TRY­ING TIMES FOR SOUTH AFRICAN ECON­OMY

Financial Mail - Investors Monthly - - Opening Bell - with Claire Bis­seker

In ad­di­tion to the on­go­ing risk of Fed tight­en­ing, some new in­fla­tion pres­sures have emerged

Last year was a ter­ri­ble one for the SA econ­omy. GDP data to be re­leased on March 7 will re­veal just how bad.

The Reuters con­sen­sus is that growth will come in at just 0.4% — the econ­omy’s worst per­for­mance since the 2009 re­ces­sion — while em­ploy­ment growth and per capita GDP growth are ex­pected to be neg­a­tive for the year as a whole.

Last year, cycli­cal shocks, the drought and SA’s self­de­struc­tive pol­i­tics — as typ­i­fied by the Hawks’ re­lent­less pur­suit of fi­nance min­is­ter Pravin Gord­han — com­bined to bring growth to a stand­still.

Con­sumers came un­der in­tense pres­sure. Thanks to the drought, real agri­cul­tural output con­tracted by dou­ble dig­its over the past two years. Food price in­fla­tion tre­bled in 2016, push­ing in­fla­tion up to 7% and gen­er­at­ing a 75 bps rise in in­ter­est rates over the year.

Am­pli­fy­ing the down­swing was a fur­ther slow­down in cap­i­tal ex­pen­di­ture. Af­ter four con­sec­u­tive quar­ters of con­trac­tion, gross fixed cap­i­tal for­ma­tion re­mains deep in re­ces­sion and un­em­ploy­ment at record highs.

KPMG econ­o­mist Christie Viljoen warns that the weak per­for­mance of the min­ing and man­u­fac­tur­ing sec­tors dur­ing the fi­nal quar­ter of 2016 sug­gests that SA likely posted GDP growth of lit­tle bet­ter than 0.5% y/y in the fourth quar­ter. This would yield an an­nual growth rate of 0.4% — well be­low most es­ti­mates at the start of 2016.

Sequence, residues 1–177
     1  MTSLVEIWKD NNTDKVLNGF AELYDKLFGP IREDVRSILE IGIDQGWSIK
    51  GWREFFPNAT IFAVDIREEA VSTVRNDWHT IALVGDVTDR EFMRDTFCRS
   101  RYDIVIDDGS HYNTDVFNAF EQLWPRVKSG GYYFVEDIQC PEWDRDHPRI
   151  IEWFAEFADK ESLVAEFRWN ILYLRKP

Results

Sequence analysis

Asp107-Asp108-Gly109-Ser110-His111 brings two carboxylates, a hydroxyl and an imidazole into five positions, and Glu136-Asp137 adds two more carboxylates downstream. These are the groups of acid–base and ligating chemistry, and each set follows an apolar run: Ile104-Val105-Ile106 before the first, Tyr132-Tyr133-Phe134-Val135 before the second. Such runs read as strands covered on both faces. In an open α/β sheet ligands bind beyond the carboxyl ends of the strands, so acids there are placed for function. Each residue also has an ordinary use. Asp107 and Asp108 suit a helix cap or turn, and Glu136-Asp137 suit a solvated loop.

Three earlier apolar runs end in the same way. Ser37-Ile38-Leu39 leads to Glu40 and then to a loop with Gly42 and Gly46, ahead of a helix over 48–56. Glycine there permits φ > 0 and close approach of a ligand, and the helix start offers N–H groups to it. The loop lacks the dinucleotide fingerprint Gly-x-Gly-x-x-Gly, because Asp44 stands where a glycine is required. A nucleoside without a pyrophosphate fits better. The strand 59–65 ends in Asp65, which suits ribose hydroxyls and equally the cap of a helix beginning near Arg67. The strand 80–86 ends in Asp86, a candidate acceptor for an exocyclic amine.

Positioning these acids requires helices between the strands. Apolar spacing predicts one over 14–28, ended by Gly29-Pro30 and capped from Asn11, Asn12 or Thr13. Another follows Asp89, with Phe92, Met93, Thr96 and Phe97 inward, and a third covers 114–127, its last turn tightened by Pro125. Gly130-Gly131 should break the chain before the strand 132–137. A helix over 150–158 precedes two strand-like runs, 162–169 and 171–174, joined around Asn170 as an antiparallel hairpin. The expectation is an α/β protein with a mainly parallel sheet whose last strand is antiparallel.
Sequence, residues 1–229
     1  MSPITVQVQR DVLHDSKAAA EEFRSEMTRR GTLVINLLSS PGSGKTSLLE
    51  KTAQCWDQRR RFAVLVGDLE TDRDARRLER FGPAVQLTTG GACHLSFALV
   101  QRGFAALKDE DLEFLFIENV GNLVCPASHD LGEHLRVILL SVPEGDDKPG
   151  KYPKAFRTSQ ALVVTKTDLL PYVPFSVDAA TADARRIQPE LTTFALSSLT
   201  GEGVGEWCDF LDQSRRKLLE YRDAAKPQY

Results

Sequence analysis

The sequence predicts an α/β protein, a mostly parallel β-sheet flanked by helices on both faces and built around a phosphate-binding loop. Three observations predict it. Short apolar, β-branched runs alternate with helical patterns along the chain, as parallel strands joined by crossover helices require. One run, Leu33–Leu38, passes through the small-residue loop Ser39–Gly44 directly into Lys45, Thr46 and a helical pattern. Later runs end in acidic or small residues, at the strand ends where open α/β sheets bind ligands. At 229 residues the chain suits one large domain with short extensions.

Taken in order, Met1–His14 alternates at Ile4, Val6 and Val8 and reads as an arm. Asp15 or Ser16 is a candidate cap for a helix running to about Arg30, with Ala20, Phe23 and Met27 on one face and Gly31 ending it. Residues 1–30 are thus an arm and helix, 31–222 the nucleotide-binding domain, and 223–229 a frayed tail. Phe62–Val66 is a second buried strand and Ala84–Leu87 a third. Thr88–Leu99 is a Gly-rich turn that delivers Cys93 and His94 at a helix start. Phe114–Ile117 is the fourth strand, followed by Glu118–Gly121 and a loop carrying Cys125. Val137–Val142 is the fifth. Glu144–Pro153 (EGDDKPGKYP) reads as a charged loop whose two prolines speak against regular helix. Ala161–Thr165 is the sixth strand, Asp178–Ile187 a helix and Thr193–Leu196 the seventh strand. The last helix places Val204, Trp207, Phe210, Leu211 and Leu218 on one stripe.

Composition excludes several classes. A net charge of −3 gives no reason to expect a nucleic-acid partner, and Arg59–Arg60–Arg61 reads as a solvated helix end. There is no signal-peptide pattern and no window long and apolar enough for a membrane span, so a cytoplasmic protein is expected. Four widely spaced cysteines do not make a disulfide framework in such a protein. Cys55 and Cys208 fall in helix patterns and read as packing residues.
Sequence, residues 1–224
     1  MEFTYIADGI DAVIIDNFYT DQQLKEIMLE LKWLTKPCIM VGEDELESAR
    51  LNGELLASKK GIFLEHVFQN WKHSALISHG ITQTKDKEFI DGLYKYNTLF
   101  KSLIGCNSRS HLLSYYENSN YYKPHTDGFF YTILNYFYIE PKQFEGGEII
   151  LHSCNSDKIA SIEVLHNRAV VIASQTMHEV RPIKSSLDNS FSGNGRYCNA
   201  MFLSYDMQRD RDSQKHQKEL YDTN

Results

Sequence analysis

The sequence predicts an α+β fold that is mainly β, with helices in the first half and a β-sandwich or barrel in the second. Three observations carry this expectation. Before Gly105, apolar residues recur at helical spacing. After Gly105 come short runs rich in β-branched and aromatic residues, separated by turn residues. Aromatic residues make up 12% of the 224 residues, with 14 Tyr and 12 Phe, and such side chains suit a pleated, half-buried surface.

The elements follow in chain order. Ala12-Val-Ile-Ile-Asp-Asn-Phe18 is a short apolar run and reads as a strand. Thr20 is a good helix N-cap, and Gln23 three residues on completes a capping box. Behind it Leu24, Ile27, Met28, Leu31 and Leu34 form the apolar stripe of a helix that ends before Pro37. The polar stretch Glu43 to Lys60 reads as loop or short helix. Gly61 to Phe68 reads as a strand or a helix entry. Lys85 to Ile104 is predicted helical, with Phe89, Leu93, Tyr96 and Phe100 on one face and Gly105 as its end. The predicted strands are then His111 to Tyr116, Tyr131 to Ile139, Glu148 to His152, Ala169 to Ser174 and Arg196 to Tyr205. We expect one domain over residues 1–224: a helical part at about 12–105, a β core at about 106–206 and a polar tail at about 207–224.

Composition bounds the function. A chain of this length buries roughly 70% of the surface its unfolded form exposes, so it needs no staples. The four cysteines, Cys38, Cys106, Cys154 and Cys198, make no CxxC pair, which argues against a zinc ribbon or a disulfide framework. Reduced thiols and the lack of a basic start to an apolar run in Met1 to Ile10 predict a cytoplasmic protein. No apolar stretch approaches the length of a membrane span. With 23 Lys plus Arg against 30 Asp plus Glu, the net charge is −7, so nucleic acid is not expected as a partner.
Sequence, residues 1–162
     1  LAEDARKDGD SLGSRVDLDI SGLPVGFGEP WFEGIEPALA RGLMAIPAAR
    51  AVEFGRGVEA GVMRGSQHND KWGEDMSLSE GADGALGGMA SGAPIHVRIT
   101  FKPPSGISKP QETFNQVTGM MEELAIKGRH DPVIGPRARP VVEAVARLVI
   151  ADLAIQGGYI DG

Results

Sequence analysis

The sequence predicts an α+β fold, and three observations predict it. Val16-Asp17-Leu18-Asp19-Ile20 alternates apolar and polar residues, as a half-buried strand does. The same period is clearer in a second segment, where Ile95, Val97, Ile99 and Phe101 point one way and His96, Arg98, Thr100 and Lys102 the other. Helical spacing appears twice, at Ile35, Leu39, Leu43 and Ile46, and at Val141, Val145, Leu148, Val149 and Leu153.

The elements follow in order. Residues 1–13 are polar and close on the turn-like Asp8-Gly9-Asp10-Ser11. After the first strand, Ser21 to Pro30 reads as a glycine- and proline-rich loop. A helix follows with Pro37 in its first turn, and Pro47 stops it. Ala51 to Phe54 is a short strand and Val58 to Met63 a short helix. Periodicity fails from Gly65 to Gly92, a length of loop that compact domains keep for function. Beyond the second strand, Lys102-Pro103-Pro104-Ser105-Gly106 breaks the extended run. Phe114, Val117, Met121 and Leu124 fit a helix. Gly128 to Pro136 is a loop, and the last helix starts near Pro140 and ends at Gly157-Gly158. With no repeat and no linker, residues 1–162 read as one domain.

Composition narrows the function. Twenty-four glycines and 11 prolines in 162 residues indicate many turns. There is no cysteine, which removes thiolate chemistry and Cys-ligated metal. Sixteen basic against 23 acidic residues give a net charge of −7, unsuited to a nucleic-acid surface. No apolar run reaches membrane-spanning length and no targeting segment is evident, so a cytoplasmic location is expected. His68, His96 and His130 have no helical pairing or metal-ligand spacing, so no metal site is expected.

Both man­u­fac­tur­ing and min­ing will have acted as a drag on fourth quar­ter GDP growth, with re­cent data show­ing that man­u­fac­tur­ing pro­duc­tion growth con­tracted by -1.1% q/q in the quar­ter and min­ing by -2.7% q/q.

For the year as a whole, min­ing pro­duc­tion was down by 4.9% y/y, fol­low­ing an in­crease of 4.3% y/y in 2015, while man­u­fac­tur­ing output re­cov­ered to a weak 0.8% y/y in 2016 from -0.1% y/y in 2015.

Agri­cul­tural ac­tiv­ity is the main up­side risk to the 2016 GDP forecast, ac­cord­ing to Stan­lib chief econ­o­mist Kevin Lings. “Agri­cul­tural ac­tiv­ity should be pos­i­tive for the [fourth] quar­ter af­ter a poor third quar­ter read­ing and twoyear de­cline, but it’s dif­fi­cult to judge just how pos­i­tive.”

Pro­vided there is no wors­en­ing of the po­lit­i­cal back­drop, and SA con­tin­ues to avoid fur­ther credit-rat­ing down­grades, then the con­sen­sus is that the com­ing year is likely to bring a mild cycli­cal re­cov­ery to about 1.1% real GDP growth.

On March 16, the US Fed­eral Re­serve’s open mar­ket com­mit­tee (FOMC) will con­clude its sec­ond meet­ing of the year.

Ac­cord­ing to Fed­eral funds fu­tures con­tracts, the mar­ket is pric­ing in about two Fed hikes for the com­ing year with only a 24% prob­a­bil­ity of a hike at the March meet­ing, fol­low­ing the 25 bps in­crease in De­cem­ber. There­after, the odds of a May hike are 39%, ris­ing to 67% in June, 82% by the Septem­ber meet­ing and in­creas­ing cu­mu­la­tively af­ter that.

The Fed’s “dot plots” (the in­ter­est rate fore­casts of in­di­vid­ual FOMC mem­bers plot­ted as dots on a graph) sug­gest, how­ever, that three hikes are likely this year. The mar­ket’s view and the dot plots have dif­fered for quite some time.

His­tor­i­cally the dot plots have been “overly hawk­ish” and over time have tended to con­verge to­ward the mar­ket’s ex­pec­ta­tion, ac­cord­ing to Mo­hammed Nalla, head of strate­gic research and global mar­kets at Ned­bank Cor­po­rate & In­vest­ment Bank­ing.

At the start of 2016, for in­stance, the dot plots in­di­cated that four hikes were on the cards over the course of that year, whereas only one hike

At the start of 2016, for in­stance, the dot plots in­di­cated that four hikes were on the cards over the course of that year, whereas only one hike ac­tu­ally tran­spired

ac­tu­ally tran­spired.

Nalla ex­pects just one Fed hike this year, prob­a­bly in the third quar­ter, and for rates to re­main flat there­after, with the next move pos­si­bly pushed into early 2018. This is more dovish than the mar­ket con­sen­sus.